'True servant' was wrapping up final graveyard shift when he was shot

Friday funeral for Sgt. Derek Johnson now moved to Maverik Center

Published: Wednesday, Sept. 4 2013 3:50 p.m. MDT

Darin Johnson, brother, and Desirae Payne, sister of slain Draper police officer Derek Johnson, hug following an interview in Salt Lake City, Wednesday, Sept. 4, 2013.

Ravell Call, Deseret News

DRAPER — Draper Police Sgt. Derek Johnson was just 10 minutes away from finishing his final graveyard shift.

He was headed back to the Draper Police Department just before 6 a.m. Sunday and was about 30 seconds away from pulling into the parking lot, when he came across a vehicle stopped in the road on 13200 South.

Seconds later, without warning, Johnson was shot multiple times, according to police, and later died from his injuries.

Family members said Wednesday that he had been looking forward to being in charge of search and rescue operations in Corner Canyon. That new job would have started this week when he would have switched to a day shift.

Darin Johnson described his brother Wednesday as a "true servant of the community."

"When my brother put his uniform on, that's what he loved to do," he told the Deseret News. "Just smiled, was ready to go to work. He was ready to lead his crew of guys. He was so proud to be a sergeant.

"I think when you take the time to treat people with the respect that they deserve, they remember you. And my brother always gave people the respect they deserved. And he would shake their hand and introduce himself and look you square in the eye. And that made an impact on so many people," Darin Johnson said.

Derek Johnson's desire to be a police officer started when he was a young boy. For a sixth-grade class assignment, his father recalled, "he said that when he grows up, he either wants to be a policeman or a fireman.

"He's wanted to be police all his life. He used to have a scanner that he set up and listen to all the police calls come in. He knew all the codes," Randy Johnson said.

Derek Johnson graduated from Alta High School. He married his middle school sweetheart, Shante, in the Salt Lake LDS Temple in 2000 shortly after high school.

"They just hit it off," Johnson's father said of the first time his son met his future wife. "Those two, they were a team."

In 2006, Derek and Shante had a son, Bensen Ray. Randy Johnson said his son always referred to his boy, who is now 6, as his "little buddy," and would remind him often that he loved him.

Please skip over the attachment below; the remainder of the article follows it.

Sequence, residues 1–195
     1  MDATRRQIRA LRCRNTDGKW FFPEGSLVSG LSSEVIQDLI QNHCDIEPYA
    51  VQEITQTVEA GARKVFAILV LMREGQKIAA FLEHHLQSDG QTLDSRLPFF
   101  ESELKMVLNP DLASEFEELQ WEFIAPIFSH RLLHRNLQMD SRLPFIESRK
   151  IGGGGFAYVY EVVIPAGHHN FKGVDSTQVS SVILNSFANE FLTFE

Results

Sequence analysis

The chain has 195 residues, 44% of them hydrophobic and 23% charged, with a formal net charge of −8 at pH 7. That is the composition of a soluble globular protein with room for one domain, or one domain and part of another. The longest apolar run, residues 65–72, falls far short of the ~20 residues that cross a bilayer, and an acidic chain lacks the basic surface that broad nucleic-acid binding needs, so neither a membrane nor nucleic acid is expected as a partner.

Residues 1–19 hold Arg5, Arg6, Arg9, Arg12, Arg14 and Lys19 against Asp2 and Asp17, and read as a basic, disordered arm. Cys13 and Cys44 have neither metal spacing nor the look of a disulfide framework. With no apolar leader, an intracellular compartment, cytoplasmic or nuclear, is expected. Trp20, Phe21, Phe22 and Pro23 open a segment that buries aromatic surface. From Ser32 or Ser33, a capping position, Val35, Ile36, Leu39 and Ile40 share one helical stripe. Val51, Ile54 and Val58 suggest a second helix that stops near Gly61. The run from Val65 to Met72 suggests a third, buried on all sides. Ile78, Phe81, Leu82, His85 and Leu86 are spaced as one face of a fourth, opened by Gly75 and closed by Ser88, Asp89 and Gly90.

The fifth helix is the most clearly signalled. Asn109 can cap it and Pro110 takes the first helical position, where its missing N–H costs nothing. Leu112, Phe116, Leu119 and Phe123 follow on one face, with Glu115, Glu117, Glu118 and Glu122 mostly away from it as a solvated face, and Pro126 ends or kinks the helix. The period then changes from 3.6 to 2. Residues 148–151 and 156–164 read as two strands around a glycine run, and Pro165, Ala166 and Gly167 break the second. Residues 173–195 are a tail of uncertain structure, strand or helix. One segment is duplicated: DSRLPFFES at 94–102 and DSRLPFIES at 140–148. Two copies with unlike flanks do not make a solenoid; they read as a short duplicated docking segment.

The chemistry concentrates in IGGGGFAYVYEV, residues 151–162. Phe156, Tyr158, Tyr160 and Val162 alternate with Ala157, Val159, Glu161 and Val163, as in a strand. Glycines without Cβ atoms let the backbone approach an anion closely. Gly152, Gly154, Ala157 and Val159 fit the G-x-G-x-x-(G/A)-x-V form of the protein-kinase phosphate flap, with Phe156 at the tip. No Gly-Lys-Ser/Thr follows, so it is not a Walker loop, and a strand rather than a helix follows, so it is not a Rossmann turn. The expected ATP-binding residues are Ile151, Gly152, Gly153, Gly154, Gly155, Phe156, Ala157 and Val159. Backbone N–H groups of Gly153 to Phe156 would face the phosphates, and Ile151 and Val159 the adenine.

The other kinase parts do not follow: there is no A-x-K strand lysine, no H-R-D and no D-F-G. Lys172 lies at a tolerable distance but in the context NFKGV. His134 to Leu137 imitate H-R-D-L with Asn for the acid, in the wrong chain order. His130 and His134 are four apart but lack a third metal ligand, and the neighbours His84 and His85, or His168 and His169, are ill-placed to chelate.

Shante Johnson was at Swiss Days in Summit County when the family began to hear that a Draper police officer had been shot Sunday morning. And then they learned that officers were driving to Midway.

"At that point, we were concerned," Randy Johnson conceded.

"She's solid," Randy Johnson said of how his daughter-in-law has been holding up since the shooting. "She has a tremendous faith. She also has a love for the police department and also for what they do. She is struggling over what will life bring now. She has a young son (and wonders) how will she bring comfort to him and also keep the remembrance of their dad."

Ben, his son, cried for about five minutes when he was told what happened to his father, Johnson said. But then he was drawn away to play with new Legos he had received, indicating that the 6-year-old hasn't fully grasped what happened, he said.

Starting Thursday, members of the public and law enforcement officers from across the country are expected to descend on Utah to pay their last respects to the man who paid the ultimate price while protecting and serving his community.

Funeral services for Johnson were changed again Wednesday from the Salt Palace Convention Center to the Maverik Center in West Valley City because of concerns about Salt Lake Comic Con taking place at the same time at the Salt Palace and other large events occurring in downtown Salt Lake City.

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